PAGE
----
Every now and again I experience one of those ‘customer service moments’ where not being delivering what was promised, having an utterly broken customer recovery process and having to deal with uncaring staff come together in a massive service failure, that just makes your blood boil!
But why does this happen so often? Why do the normally nice Dr Jekyl’s who work in call centres occasionally turn into the contemptuous Mr Hyde’s of Robert Louis Stevenson’s novel’s fame.
Perhaps some of the answer lies in looking at the Service Quality Gaps Model developed in the US in the mid 80s. The model proposes a number of gaps, which individually and together can lead to service failure.
GAP 1 is between what customers expect and what management believes customers expect. This is a common gap, partly caused by an inside-out view of how to do business, partly by not having a good understanding of customers and partly by having too many management layers between the front-line and management.
GAP 2 is between what management believes customers expect and the company’s defined service standards. Since many customer call centres are managed as cost centres, there is always the temptation to save costs. Unfortunately, these savings are quickly overcome when customers complain and want you to recover the situation.
GAP 3 is between the company’s defined service standards and how service is actually delivered on the front-line. My experience of most front-line staff is that they are generally dedicated people struggling under the burden of an under-funded call centre and with difficult working conditions. There is no wonder that sometimes they cannot help customers; they are not allowed to!
GAP 4 is between how service is actually delivered on the front-line and what was promised by company communications to customers. Marketing far too often makes promises without first organising how they are to be delivered, or even if they can be delivered. Without a doubt, my biggest job as an Interim CRM Manager is making sure that the marketing promises that I make to customers can be delivered, day-in and day-out by the back-office.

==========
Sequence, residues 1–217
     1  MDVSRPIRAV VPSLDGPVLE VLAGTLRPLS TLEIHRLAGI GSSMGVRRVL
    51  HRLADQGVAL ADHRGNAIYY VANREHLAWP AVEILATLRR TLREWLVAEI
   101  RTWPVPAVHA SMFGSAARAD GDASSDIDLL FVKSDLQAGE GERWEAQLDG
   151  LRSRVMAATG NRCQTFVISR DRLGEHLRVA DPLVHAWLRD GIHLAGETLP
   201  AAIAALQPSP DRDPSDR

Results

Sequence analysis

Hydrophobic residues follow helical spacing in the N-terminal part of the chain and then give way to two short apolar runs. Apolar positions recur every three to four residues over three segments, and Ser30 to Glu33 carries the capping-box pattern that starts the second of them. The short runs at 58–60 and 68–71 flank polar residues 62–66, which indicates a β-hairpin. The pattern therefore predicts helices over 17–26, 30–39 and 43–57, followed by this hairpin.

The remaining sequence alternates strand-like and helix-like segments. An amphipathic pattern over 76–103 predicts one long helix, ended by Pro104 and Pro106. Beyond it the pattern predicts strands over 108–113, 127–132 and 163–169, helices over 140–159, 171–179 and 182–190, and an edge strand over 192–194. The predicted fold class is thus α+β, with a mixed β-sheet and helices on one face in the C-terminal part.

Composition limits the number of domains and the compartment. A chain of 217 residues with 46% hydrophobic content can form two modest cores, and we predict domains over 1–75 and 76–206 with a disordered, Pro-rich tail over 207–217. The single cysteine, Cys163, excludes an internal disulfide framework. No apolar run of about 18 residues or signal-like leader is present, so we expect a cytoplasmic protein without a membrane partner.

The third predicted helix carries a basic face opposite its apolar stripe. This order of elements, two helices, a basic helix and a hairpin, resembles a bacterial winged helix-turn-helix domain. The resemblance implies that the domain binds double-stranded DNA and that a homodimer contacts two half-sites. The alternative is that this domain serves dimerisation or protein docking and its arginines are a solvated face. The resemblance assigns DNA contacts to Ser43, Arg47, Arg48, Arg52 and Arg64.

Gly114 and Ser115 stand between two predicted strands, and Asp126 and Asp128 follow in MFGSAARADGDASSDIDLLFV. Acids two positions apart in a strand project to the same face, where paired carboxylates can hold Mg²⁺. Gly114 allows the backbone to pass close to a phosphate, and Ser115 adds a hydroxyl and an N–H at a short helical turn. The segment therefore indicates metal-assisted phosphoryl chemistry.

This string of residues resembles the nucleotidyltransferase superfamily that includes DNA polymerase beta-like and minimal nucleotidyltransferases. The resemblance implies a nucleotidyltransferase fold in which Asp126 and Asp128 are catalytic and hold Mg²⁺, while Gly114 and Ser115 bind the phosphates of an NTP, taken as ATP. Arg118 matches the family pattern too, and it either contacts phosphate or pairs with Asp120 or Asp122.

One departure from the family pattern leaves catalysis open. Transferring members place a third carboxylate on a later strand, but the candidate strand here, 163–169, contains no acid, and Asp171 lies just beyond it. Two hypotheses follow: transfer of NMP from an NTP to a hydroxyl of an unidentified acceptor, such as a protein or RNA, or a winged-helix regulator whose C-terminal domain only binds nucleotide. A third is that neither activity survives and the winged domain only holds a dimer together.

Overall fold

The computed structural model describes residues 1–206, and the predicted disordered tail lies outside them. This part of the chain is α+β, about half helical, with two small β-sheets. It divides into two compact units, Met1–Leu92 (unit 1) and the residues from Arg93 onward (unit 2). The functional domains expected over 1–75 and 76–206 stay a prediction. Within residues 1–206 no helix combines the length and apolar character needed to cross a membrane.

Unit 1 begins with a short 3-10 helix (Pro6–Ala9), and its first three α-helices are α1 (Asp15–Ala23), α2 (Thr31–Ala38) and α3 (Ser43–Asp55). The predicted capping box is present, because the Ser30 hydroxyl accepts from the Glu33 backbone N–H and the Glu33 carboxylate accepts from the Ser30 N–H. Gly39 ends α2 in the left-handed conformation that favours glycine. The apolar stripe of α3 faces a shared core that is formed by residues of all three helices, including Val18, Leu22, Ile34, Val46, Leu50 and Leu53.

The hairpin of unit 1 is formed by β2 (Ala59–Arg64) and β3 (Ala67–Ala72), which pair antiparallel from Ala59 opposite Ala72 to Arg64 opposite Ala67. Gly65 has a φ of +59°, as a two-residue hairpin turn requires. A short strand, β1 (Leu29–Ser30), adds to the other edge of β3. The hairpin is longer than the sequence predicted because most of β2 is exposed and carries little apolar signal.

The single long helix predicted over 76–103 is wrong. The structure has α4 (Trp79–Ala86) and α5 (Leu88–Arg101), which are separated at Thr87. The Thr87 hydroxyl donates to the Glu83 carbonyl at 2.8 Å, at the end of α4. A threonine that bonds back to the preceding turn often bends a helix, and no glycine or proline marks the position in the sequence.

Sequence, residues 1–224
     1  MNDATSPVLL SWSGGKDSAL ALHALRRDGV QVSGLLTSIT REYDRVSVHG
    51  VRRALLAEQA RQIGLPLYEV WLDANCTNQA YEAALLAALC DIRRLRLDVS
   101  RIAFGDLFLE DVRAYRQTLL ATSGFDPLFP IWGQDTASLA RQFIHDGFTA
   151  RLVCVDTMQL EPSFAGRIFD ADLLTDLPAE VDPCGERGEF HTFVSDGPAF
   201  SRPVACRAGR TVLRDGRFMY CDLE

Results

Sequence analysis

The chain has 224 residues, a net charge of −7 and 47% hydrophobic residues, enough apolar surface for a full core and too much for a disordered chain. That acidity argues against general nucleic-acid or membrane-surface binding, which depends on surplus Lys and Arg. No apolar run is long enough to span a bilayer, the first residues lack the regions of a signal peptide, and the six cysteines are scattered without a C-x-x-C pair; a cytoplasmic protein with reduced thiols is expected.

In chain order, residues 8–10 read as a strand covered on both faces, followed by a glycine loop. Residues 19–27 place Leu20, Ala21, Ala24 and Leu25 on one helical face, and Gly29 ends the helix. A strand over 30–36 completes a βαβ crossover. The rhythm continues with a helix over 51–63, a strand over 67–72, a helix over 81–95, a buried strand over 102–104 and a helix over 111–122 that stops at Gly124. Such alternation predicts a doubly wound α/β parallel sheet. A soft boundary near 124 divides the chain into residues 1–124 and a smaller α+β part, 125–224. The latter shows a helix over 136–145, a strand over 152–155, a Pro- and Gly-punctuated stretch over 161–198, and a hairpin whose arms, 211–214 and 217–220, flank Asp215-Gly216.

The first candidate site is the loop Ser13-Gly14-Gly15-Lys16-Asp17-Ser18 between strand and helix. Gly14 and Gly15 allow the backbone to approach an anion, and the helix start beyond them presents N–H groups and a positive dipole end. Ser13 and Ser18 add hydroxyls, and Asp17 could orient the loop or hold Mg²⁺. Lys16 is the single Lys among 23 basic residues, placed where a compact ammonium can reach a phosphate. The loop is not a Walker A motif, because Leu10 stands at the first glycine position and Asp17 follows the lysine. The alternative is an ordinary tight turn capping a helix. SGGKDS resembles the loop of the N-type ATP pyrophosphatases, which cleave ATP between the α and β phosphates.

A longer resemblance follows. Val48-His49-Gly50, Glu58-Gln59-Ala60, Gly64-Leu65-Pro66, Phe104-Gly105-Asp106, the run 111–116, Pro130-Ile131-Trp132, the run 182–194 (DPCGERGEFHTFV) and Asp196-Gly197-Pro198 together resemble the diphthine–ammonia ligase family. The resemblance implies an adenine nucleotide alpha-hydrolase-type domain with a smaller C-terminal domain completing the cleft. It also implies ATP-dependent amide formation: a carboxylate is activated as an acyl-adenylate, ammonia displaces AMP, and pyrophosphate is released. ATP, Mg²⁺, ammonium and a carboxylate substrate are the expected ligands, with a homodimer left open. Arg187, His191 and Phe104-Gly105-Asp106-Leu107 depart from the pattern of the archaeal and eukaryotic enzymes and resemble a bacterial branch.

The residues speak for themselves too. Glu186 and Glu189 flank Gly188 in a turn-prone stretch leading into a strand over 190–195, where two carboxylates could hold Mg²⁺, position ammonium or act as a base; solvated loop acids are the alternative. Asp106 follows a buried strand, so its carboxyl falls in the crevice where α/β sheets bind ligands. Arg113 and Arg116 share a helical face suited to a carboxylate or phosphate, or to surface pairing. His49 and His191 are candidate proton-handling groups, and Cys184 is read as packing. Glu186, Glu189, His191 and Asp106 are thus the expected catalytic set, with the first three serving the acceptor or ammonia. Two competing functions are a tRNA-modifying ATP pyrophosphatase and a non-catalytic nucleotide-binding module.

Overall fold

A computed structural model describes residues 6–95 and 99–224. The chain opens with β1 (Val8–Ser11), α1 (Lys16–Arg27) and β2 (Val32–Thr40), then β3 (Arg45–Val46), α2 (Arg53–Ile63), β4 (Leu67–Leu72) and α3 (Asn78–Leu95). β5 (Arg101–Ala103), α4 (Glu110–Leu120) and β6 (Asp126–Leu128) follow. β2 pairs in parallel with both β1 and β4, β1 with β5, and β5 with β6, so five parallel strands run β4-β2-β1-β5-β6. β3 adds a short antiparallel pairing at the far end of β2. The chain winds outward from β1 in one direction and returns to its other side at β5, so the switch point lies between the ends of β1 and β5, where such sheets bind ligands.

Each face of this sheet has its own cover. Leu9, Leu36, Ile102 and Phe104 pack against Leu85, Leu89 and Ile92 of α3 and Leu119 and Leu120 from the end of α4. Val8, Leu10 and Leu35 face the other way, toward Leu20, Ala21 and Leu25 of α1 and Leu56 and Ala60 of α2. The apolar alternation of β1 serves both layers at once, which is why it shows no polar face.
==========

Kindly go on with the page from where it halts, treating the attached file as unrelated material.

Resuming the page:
GAP 5 is between what the service customers think they received and what they were expecting. This is a tough gap as expectations are set as much by what others do as by what the company can do. If you have ever experienced the excellent service offered by say, Land’s End and them afterwards phoned your fixed-line telco, you will know what I mean!
GAP 6 is between what customers expect and what front-line staff believe customers expect. This is more often a small gap, as frontline staff deal with customers and their expectations all the time. But knowing what customers expect and being able to deliver it is another thing entirely.
GAP 7 is between what management believes customers expect and what front-line staff believe customers expect.
I have often used this simple Gaps Model from the mid 80s to diagnose service quality problems in businesses. And it works just as well in the public sector. The next time you review your service organisation, ask yourself where the gaps are in service delivery, what caused them and what you can do to fix them.
Oh, and before I forget. What was the origin of my service failure? Most probably a combination of Gap 4 for over promising, Gap 2 for under-setting service standards and Gap 3 for continuously putting frontline staff under pressure. There is no wonder that I experienced Mr Hyde on the phone rather than Dr Jekyl!
What do you think? Is customer service excellent at your company? Or do you have obvious gaps that need fixing?
Post a comment and get the conversation going.